I really enjoyed reading your review since it seems very fair(I haven't sniffed Initial myself, but hopefully have a sample on its way). I like that you are giving it an equal opportunity to everything else out there, rather than the comparison to 'the real thing'. And if I may just add, that I really think Guerlain has to make fragrances like this which are easier accessible than for example Shalimar. I think one easily forgets exactly how complex Guerlains can be, you need a Guerlain perfume to open the door. Oh and I like the bottle a lot too, only the adverts:-( Terrible.
    ps loved your review on the perfume bbc docu, are you reviewing the last episode too? Personally no 1 was my favourite.

  12. Undina, do you really think it's pink? The juice in my bottle seems quite ambery orange to me.

    You don't need to duck :-) I know plenty of people who can't take Shalimar. But yes, I totally agree with your final statement: it's better to keep trying to make friends with the original rather than forcing yourself to love Wasser's flanker.

  13. deeHowe, I'm sure Montanna heard your laughter whilst she was doing her ab crunches.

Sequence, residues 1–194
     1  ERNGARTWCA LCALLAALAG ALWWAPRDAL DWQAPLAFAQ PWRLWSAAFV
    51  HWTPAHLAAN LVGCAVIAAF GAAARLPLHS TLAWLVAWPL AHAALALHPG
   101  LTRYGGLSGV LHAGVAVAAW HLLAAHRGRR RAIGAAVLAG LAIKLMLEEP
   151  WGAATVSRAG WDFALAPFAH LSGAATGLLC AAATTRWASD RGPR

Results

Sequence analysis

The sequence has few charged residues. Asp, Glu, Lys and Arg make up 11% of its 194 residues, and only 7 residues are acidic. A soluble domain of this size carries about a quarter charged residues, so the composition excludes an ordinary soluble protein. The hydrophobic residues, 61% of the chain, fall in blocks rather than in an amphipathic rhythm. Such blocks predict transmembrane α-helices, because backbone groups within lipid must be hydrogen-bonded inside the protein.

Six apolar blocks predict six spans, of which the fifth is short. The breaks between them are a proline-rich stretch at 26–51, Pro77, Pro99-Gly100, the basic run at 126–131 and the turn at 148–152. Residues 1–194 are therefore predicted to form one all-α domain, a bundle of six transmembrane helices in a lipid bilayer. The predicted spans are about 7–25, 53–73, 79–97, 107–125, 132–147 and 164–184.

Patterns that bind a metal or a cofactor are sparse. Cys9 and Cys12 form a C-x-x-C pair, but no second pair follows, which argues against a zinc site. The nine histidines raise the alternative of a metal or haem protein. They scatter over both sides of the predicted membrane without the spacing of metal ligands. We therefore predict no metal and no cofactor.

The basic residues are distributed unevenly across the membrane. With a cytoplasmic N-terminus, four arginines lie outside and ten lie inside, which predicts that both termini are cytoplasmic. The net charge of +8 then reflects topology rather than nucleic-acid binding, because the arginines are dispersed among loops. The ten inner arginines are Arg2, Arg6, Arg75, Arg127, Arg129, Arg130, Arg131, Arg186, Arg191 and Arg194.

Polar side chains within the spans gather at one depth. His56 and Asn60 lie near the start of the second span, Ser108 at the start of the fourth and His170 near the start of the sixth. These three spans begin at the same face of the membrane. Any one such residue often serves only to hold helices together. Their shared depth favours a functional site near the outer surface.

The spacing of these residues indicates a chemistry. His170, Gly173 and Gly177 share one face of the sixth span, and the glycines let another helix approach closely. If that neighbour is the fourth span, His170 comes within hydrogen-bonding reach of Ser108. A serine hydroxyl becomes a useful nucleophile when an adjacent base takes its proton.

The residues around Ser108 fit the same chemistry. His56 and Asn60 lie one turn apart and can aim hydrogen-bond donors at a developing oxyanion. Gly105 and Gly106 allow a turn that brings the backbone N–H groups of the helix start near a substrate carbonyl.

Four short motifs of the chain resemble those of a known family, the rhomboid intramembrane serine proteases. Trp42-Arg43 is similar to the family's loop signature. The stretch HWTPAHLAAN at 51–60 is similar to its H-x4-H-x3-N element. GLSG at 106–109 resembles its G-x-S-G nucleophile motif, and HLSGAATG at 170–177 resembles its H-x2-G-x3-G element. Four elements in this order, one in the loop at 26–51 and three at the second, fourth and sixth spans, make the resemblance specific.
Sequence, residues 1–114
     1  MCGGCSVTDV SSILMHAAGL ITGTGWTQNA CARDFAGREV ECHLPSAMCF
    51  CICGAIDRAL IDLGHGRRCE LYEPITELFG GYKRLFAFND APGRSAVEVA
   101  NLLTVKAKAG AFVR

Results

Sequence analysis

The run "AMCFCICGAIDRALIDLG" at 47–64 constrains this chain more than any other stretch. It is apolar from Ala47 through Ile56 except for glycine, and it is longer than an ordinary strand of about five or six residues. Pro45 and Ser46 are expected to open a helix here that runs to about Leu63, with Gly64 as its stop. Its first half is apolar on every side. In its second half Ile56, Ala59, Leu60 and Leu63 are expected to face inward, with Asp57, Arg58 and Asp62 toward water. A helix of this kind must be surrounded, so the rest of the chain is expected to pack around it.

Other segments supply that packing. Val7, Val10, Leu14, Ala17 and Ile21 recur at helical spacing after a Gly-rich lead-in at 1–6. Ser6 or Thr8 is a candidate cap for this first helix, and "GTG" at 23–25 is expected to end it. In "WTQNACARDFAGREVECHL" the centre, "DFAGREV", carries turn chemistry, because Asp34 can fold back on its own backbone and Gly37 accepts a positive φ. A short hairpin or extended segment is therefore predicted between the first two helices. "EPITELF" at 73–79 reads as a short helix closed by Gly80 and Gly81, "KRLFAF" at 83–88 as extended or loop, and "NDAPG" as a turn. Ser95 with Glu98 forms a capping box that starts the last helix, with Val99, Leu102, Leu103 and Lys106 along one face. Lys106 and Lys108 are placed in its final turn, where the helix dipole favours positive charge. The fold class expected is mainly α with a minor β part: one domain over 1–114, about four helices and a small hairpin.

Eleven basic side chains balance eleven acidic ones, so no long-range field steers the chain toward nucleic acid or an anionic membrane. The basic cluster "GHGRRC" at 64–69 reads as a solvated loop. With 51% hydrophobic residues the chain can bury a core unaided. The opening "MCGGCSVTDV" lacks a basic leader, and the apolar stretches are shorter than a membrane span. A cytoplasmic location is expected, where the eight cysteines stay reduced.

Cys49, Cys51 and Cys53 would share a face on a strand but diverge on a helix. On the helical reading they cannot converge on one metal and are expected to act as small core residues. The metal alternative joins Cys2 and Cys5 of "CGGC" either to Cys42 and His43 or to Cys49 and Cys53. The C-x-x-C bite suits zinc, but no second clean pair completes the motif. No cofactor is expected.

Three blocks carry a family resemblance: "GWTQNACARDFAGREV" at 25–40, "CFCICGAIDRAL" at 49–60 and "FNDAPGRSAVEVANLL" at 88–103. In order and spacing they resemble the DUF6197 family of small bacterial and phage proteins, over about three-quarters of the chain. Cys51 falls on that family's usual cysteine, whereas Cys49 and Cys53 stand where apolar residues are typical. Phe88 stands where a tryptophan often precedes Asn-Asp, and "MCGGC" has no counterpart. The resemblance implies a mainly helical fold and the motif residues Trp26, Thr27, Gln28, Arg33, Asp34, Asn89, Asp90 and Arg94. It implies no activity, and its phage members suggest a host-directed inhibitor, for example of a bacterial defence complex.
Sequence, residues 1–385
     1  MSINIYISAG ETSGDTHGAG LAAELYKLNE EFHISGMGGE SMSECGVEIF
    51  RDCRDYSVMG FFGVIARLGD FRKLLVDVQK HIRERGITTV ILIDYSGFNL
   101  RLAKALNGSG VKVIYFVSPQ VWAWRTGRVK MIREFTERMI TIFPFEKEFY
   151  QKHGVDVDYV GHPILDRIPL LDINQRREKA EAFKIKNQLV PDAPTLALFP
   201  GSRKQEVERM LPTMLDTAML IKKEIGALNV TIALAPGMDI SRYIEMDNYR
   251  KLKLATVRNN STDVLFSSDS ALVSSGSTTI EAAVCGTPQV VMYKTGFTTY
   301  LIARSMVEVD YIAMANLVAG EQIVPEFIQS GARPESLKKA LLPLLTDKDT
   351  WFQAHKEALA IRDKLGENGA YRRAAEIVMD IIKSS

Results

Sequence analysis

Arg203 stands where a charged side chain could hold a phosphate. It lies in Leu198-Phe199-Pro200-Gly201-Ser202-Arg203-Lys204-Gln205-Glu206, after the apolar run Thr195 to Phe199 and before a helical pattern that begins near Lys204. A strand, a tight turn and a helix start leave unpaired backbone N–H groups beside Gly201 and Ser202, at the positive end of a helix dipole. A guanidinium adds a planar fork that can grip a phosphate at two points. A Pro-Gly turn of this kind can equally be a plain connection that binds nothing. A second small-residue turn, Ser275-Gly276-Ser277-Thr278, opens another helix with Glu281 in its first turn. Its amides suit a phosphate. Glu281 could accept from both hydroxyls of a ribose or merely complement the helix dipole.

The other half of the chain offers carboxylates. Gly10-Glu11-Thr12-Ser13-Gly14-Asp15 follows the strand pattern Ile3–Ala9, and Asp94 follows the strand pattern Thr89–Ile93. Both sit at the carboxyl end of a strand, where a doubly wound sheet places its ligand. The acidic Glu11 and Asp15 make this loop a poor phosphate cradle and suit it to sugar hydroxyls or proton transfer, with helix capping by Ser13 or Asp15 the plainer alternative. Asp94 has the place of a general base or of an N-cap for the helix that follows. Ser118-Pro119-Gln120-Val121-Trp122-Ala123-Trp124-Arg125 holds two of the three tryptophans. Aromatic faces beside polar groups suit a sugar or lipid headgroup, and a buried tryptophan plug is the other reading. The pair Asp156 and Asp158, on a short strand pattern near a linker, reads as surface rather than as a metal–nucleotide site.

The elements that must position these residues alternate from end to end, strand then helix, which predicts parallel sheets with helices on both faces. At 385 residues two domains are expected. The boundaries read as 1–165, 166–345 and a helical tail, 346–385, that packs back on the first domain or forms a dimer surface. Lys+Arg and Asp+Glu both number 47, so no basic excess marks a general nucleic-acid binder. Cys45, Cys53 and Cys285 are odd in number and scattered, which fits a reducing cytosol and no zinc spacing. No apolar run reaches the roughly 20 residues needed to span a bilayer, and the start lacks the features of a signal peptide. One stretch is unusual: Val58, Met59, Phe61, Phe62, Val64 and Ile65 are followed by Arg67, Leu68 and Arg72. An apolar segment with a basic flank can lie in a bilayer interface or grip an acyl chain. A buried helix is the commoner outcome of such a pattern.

I wouldn't say Parfum Initial is an abomination. I just think it's totally redundant.

  14. Asali, thanks very much indeed for stopping by and leaving a kind comment.

    I know what you're saying about an 'entry point', but I don't think that Guerlain should be initiating people into their range by resting on past glory. Wasser should be making his own mark on the firm by releasing a bold composition of his own.

    As for the review of the final part of the perfume documetary, yes, it should appear here on Tuesday. Here's a sneak preview: my favourite was episode 3.

  15. Thank you :-)
    I agree completely on the M. Wasser-front. Big bold mainstream Thierry.

    Really, no 3. I'll tune in on Tuesday. I suppose I just loved the 'good cop bad cop'-feeling, even if not entirely correct, of part 1. When Hilfiger didn't even shake the hand of Yann Vasnier, as opposed to Thierry Wasser browsing through the old Guerlain family books. Well, 'Loud' is already in the sales bins here.

  16. Asali, if you don't mind my asking, where's here?

  17. Sure, here's Copenhagen. A